In 1995, Money4U Finance Limited was established in Western Australia as a subsidiary of another Western Australian Company, West Coast Investments Limited (WCIL). WCIL’s core business was superannuation fund management – and it did it very well. When the federal government of the day (in order to promote competition), eased restrictions on the banking industry, the board of WICL saw an opportunity to expand. Money4U Finance Limited was duly established with the aim of providing mortgage broking services, personal loans and business loans. The business model was based on small shop fronts in locations not normally serviced by the ‘big four’ banks but eventually grew to include branches in all major towns and suburban Perth. By 2010, Money4U had cemented its place as a small, reliable and, importantly, profitable subsidiary and based on its success, WCIL was considering the merits or otherwise of Money4U becoming a bank in its own right. This, however, represented a big step because both culturally and structurally, if the new venture was to be successful, it had to compete against formidable opposition.
Like many of the senior employees at Money4U, Sam Mulgrew, Senior Manager (Human Resources), had first worked for WCIL where, as an accountant, he had been responsible for overseeing the integrity of the company’s investments. Sam was also a good people person and it was this quality that prompted WCIL to offer him a management role at Money4U. As Money4U expanded, so, too, did Sam’s responsibilities and he soon found himself taking on roles and responsibilities beyond his expertise, notably, formulating strategic and operational plans. To his credit, Sam attended as many courses as he could to familiarise himself with the various aspects of human resource management and for the most acquitted himself well. However, one aspect of his role, performance management, proved difficult from the start. In Sam’s opinion, all that was needed was a quick chat once a year, tick the boxes, that sort of thing. For Sam, a good employee was one who received no complaints and who met targets.
To Sam, performance management as espoused by the experts was irrelevant to the running of his department, or any other department for that matter. He knew who the good performers were and, equally, he knew the poor performers. What more did one need to know? So why have regularly scheduled, formal meetings to confirm the obvious? He had also been to enough courses to be familiar with what was happening in the world of performance management – peer appraisal, 3600 feedback, self-reflection, competency frameworks, training needs assessment – all very nice in theory but totally impractical and too time consuming. Sam was also of the opinion that because the majority of employees at Money4U were women who worked part-time, anything more than a ‘ticking the boxes’ approach was superfluous. The fact that so many of the female employees took maternity leave and/or left after a short while only confirmed in Sam’s mind that performance management was an overrated aspect of organisational performance. Consequently, Sam’s attitude permeated Money4U to the extent that his oversight extended to simply accepting each branch manager’s verbal confirmation that performance management was occurring.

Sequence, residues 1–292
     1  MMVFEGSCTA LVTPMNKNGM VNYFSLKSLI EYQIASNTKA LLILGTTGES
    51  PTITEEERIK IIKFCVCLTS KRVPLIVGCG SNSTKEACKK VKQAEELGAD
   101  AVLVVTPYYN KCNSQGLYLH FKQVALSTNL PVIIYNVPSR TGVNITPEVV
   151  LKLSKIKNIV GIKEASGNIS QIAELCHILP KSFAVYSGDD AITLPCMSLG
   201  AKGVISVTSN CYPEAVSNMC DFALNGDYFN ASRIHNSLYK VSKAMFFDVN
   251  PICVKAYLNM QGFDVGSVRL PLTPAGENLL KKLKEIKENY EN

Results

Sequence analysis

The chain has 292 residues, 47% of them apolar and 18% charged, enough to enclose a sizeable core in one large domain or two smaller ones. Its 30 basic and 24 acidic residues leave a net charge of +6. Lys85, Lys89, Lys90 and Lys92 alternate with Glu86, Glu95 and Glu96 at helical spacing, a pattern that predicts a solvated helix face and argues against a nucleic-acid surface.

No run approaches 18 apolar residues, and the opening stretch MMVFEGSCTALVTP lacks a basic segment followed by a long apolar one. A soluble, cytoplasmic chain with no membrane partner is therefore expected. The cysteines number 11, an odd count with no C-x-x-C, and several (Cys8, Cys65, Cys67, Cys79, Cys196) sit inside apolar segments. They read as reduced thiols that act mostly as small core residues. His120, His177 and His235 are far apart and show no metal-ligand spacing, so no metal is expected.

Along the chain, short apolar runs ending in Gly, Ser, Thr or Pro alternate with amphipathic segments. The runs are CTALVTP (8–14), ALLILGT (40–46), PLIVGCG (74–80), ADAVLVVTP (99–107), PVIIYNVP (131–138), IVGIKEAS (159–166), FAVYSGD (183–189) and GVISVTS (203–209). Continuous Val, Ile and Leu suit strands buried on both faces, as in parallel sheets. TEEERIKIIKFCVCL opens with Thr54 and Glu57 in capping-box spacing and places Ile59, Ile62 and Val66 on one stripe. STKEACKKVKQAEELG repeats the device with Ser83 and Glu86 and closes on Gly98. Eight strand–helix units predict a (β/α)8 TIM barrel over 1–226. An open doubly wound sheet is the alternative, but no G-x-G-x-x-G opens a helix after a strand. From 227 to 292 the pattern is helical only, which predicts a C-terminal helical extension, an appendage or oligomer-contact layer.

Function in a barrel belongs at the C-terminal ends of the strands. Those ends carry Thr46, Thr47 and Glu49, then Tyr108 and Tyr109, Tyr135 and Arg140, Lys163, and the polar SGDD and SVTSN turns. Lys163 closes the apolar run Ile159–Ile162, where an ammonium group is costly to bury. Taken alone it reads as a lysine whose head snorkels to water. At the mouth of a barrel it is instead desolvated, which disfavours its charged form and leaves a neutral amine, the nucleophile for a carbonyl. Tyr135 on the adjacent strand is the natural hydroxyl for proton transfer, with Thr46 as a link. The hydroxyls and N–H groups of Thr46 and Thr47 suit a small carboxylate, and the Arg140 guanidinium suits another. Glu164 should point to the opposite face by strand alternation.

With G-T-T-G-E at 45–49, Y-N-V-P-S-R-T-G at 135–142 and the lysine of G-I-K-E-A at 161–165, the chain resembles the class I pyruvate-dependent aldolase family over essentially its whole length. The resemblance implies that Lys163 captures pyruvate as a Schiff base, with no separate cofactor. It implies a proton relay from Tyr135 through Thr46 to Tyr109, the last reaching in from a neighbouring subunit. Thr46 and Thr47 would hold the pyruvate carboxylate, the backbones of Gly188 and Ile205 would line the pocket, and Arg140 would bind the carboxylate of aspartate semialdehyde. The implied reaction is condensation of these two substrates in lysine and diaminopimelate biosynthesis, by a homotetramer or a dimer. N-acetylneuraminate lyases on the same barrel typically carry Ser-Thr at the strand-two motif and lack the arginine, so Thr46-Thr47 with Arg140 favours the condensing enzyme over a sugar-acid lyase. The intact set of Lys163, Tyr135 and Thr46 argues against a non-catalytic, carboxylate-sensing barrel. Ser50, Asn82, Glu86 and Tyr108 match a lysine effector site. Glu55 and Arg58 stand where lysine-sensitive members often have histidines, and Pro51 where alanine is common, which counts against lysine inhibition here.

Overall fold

Six months ago, as a precursor to becoming a bank, WCIL poached two key staff from one of the big four banks. One was Sandy Shaw and the other was Penny Wise. Sandy was appointed to the newly created position of Assistant Manager (Human Resources) and Penny was parachuted in as the new state manager (the previous state manager, having seen the writing on the wall, took early retirement) thereby upsetting some senior staff who thought it should have been an internal appointment. Penny was answerable to the board of WCIL whereas Sandy was answerable to Sam who, in turn, was answerable to Penny. The problem Sam had with Sandy Shaw had a lot to do with performance management because when employed by one of the ‘big four’ banks, she was part of a team of performance management gurus responsible for developing leading edge performance management systems. To his consternation, Sam was very much aware that many of the staff seemed keen to listen to what Sandy had to say. It also annoyed Sam that Sandy seemed to have the ear of Penny. This, however, was not surprising considering both had worked for the same bank and had many mutual friends and acquaintances whereas Sam’s network was decidedly non-banking. The bombshell came two weeks ago when Penny called Sam to her office to discuss performance management at Money 4U and ‘other matters’. In fact, it was less a discussion than a directive.
As Senior Manager (Human Resources), Sam was told to lift the standard of performance management at Money4U to make it more meaningful and to ensure it was aligned with the organisation’s strategic direction and with best practice. Where had Sam heard this before? To add to the pressure, Penny told Sam that one of her major tasks was to oversee the viability of the transition of Money4U to bank status and to facilitate this she had established an Organisational Review Unit (ORU) – and had appointed Sandy to lead it. Sam’s experience told him that such reviews invariably meant that restructuring was a real possibility.
Sam was given three months to review all aspects of performance management and to devise a performance management strategy tailored to all levels of the organisation. Being so out of touch with current trends, Sam realised he had no choice but to eat humble pie and approach Sandy for assistance.
1. How do you think Sam should go about revamping performance management at Money4U?
2. When Penny Wise told Sam to ‘come up with a plan tailored to all levels of the organisation’ what did she mean? Give examples of such plans.
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